Several of them--G.R. Hampton, the new Boone-- G.R. Hampton is a new school that we'd never had before. Boone was completely rebuilt, all modern, air conditioned, all modern equipment and supplies for the teachers. Flat Lick, Dewitt had to be redone. Lynn Camp and Grays have had large additions put to them. Girdler was completely rebuilt and consolidated. Knox Central was completely done over several years back. They have a new county school here in the county just in the last year, consolidated, the Jesse D. Lay. It is beautiful, air conditioned works. The teachers say that it's just a joy to work in such a building and the equipment and all that's furnished to them now. They're in the process-- it's in the blueprint stage, I believe; I understand the contract has not been let--but within the next year they hope to completely rebuild Flat Lick, which is a consolidated school. And that will be another new modern consolidated school in this group of ten. And Dewitt, which serves the Stinking Creek area, has been completely rebuilt.

So all the children now of the county are bussed. They may have to walk out of a hollow a half a mile or so or a mile from home to reach a pick-up point, but the children are all picked up by buses and transported into these ten schools that serve the county now.

That's a vast improvement in the last 25 years from 87 little old cold, dilapidated, poorly heated, poorly ventilated, country schools of 14 - 15 children. Some of those little one-room schools [had] 40 or 50 students for one teacher to try to worry through and try to have all eight grades or certainly the first six grades and have 40 or 50 children in a little old one- or two-room school. Most of them, one-room schools. And might I say on the top of a hilltop in practically all cases. I'd have a thirty-pound bag and a different case of records, plus other equipment we'd use and get it up to the top of those hills. The children all worrying when they'd see me coming, to come running and carry my bag and my supplies up the hill, and come back with me and unload me.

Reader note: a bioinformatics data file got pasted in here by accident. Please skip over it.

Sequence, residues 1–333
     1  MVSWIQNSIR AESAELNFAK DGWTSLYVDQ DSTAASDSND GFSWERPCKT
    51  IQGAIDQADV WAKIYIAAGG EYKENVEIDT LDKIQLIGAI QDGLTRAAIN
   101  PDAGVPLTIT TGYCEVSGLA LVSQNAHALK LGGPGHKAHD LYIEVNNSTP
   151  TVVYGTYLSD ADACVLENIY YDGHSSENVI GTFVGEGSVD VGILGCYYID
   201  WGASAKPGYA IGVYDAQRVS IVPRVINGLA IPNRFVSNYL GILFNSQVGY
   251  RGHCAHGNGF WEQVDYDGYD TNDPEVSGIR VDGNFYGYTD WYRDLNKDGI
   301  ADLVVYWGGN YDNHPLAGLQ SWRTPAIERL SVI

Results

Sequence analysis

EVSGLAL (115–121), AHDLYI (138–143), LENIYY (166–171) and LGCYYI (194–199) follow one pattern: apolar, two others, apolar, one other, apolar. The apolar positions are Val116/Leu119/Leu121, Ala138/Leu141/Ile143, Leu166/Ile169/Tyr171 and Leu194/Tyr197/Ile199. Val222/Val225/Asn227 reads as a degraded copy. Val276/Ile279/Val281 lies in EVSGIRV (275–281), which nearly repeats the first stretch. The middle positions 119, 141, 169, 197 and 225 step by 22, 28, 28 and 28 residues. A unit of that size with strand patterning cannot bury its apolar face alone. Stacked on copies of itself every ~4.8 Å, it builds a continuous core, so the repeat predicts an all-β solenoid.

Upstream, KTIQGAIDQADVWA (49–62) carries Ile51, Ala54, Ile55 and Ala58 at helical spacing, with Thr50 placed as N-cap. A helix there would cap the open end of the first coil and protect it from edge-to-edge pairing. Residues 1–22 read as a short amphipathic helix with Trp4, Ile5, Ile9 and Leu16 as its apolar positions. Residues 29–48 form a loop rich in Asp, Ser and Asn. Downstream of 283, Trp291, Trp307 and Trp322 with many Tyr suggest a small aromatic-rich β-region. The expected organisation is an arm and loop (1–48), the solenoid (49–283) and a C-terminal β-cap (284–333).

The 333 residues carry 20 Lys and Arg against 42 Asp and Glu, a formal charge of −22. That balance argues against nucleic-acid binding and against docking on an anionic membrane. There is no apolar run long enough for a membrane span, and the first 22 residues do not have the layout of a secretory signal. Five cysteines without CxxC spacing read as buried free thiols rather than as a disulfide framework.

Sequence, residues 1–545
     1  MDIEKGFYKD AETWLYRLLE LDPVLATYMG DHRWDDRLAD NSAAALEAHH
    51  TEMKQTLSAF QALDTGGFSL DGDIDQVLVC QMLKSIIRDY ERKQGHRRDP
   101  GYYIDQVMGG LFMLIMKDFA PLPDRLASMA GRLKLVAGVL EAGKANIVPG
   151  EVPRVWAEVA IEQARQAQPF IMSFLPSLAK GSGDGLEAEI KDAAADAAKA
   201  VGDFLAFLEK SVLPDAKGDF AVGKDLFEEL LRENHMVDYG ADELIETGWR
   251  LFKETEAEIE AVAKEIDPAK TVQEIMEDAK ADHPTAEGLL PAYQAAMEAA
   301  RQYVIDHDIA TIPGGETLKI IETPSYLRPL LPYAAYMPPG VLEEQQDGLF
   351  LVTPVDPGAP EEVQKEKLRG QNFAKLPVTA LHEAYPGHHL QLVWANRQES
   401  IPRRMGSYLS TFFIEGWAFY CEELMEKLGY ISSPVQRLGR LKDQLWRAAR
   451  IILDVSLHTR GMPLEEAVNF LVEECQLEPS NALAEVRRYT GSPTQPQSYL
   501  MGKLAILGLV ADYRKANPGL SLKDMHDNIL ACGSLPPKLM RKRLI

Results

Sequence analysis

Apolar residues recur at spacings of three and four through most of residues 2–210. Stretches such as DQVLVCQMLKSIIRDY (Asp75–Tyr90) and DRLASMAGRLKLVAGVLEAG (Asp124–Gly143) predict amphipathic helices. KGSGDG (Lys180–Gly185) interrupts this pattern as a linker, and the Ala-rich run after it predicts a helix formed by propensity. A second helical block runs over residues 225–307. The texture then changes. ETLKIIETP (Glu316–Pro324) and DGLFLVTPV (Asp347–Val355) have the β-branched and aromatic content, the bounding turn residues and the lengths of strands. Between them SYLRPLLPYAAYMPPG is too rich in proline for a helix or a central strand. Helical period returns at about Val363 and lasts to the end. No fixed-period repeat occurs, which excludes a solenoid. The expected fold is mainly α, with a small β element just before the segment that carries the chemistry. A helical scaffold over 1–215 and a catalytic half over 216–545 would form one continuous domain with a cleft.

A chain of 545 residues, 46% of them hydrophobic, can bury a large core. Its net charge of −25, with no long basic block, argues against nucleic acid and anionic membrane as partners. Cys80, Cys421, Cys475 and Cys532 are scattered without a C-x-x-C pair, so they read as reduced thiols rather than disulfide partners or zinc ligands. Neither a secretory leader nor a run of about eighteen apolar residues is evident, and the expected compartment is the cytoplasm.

There was no electricity in those one-room schools. There was no telephones out in those rural areas whereby I could call back into the health department and find out if something had happened and I was needed in that area. I had to wait until I got back to the health department to find out if there was a diphtheria or a typhoid or a polio case in the area I was working in. I had to wait till I got back in and maybe have to turn right around and go back to that area. Back in those days, in '43 and for a number of years, we quarantined diphtheria and scarlet fever. Now it isn't being done. We don't have many cases anyway to begin with, but even if we do they aren't quarantined like they were then.

I can tell you about the coal stoves in the rural schools. These one-room schools, as I say, had no electricity. There was no telephones. No modern heating systems existed in the one-room schools and two-room schools. And some of them was six-and eight-room [schools] back then and were equipped with the big iron potbelly, we called them the potbellied coal stoves, in each room. And the children sitting near the stove, they were too hot, and the ones fartherest from the stove, they were too cold. So we had a mighty, mighty bad situation back here for a number of years. So it's really a blessing to drive out and visit the ten schools that we have here in Knox County now.

We had no lunch room in these 87 schools, except then they did try to carry on a lunch program, which was very meager, in the eight consolidated schools they had back in 1943. I can't remember just actually, but about eight or ten years before I retired, they began to serve hot food to the children even in the one-room schools. The government made food available to the board of education to feed the children who were unable to pay, and those who could pay paid a dime or fifteen, twenty cents, whatever they were able to pay, and many of them couldn't pay anything. They got it free. The teachers and some of the older children in the school, after electricity came in, on an electric hot plate would try to have hot food and fruit and milk and canned meat sliced and sandwiches made at school so that every child got a fair lunch, plus plenty of milk.

Milk was available in all those one-room schools after they started that lunch program. Fact is, I think they had a milk program two or three years before the free lunch program was started in those one-room schools. They had milk in most of the schools there for several years before the lunch part was started. They had no lunch room or dining room, but they'd take a corner of a little one-room school and on an old table, spread out a table cloth on it, and prepare sandwiches and hot soup and open cans of canned food or have fresh apples or oranges. Each of those one-room schools was also furnished with a refrigerator by the board of education or somebody. In most cases they were õóåä refrigerators. Seems to me I remember somebody telling me that the milk company furnished some of those refrigerators; whether that was true, I don't remember. But anyway, they had refrigeration to keep milk for them. They had milk twice a day, plus for their lunch, so that was a far cry from what they had when I first began with them.